Internet users have reacted to Netflix’s decision to launch its advertising-supported streaming plan dubbed “Basic with Ads” on Thursday at $7 a month.
The new subscription tier costs $6.99 per month, $3 cheaper than Netflix’s $9.99 most Basic plan and is set to include 4 to 5 minutes of ads per hour. The plan also comes with some limitations as viewers won’t be able to download shows for later viewing, Netflix said.
The company also stated that a “limited number” of movies and TV episodes would not be accessible on the ad-supported tier, blaming licensing limitations and stating that it was “working on” the problem.
The platform recently increased its number of paid subscribers by 2.41 million in the third quarter of the year, which may be considered a massive win for the U.S. streaming giant, which lost over a million subscribers in the first and second quarters.
The program will begin one month before Disney +, a competitor streaming service, introduces its ad-supported streaming tier, going up against other ad-supported platforms like Hulu and Peacock.
We think it is a revenue move by Netflix.
Though Netflix prides itself as the pioneer in the streaming service space, the company faces a huge threat from competitors such as Amazon Prime Video, Disney+, HBO/HBO Max and Hulu. They are ramping up their subscribers and giving Netflix a run for its money.
Recently, Disney+ overtook Netflix in total subscribers after its total subscriptions reached 152.1 million at the end of Q2, exceeding the 147 million mark predicted by analysts. The company also added 14.4 million Disney+ customers, beating the expected 10 million additions in July.
Now, the company has a total of 221 million subscribers- combined with Hulu and ESPN+ (Hulu has 46.2 million subscribers and ESPN+, has 22.8 million).
On the other hand, according to a report by Technext, Netflix’s stock price dropped by 35 per cent (%) in April, erasing $50 billion from the company’s value. Earlier, Netflix’s total revenue for the first quarter of 2022 increased nearly 10% to $7.87 billion, falling short of analysts’ expectations of $7.93 billion.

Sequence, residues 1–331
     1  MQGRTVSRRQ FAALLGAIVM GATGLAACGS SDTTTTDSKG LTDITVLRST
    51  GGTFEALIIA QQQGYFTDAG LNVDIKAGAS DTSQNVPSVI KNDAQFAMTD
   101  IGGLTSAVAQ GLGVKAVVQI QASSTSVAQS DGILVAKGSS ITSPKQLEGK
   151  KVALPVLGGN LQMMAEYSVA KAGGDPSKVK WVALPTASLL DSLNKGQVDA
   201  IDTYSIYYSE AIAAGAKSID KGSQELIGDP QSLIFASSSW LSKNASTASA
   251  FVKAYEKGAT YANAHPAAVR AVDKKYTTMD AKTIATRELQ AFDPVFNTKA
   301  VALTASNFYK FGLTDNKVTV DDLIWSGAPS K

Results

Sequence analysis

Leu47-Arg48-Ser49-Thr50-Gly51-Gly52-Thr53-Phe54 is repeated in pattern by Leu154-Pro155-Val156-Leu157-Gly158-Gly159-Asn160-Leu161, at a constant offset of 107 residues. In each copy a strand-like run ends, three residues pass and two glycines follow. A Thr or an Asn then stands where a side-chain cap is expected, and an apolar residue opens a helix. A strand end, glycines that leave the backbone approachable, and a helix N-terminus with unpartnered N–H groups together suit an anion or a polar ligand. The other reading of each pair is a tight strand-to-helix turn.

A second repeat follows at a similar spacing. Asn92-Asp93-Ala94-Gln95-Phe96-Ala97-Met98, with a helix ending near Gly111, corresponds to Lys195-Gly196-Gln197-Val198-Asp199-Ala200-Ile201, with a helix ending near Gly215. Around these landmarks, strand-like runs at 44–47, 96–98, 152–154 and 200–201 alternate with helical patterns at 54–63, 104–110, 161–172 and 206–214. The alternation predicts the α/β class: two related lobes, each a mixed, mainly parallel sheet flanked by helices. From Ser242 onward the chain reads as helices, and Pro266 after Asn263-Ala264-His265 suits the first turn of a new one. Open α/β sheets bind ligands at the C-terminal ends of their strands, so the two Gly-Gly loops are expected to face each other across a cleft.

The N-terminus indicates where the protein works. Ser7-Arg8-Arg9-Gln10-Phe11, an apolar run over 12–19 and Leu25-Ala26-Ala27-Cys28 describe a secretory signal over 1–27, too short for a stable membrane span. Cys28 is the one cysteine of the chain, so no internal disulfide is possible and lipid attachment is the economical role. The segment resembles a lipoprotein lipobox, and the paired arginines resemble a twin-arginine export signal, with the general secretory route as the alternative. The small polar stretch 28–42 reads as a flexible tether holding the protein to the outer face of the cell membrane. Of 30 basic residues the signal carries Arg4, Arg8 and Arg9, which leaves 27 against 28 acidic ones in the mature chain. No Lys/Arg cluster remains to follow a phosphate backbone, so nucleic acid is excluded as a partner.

Notwithstanding, the company increased its number of paid subscribers by 2.41 million in the third quarter of the year, in what may be considered a massive win for the U.S. streaming giant which lost over a million subscribers in the first and second quarters.
In its October 18 earnings letter to shareholders, Netflix disclosed that it managed to double its growth projections, bringing its total number of users to 223 million.
That feat may not be unconnected to the company’s decision to introduce the lower-priced ad-supported subscription plan for consumers in partnership with Microsoft.
The new subscription tier launch is also coming when Netflix is preparing to crack down on password sharing on its platform. Next year, Netflix will require users who borrow accounts to create their own. Additionally, users who share passwords can pay an additional fee to add friends and family to their accounts.
Reactions have started trailing the launch of the new subscription plan. Some netizens believe that this development would help the streaming platform increase the number of subscribers.
Some internet users have expressed dissatisfaction that major platforms have begun to insert so many ads into their content lately, going back to the old TV age.
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What’s different with the ‘Basic With Ads’ plan?
With 223 million customers, Netflix is still the most popular streaming service in the world, having reversed subscriber losses earlier in the year thanks to a midsummer sign-up boom.
However, Ads have never been a part of the 15-year-old streaming service until the business changed course six months ago following a turbulent start to 2022 that saw viewership decline.
Netflix is betting the lower-priced ad-based service will prove popular at a time when high inflation is pressuring millions of households to curb their spending. The company, which faces mounting competition from Amazon, Apple and Walt Disney Co., has also started adding video games to its lineup at no added cost.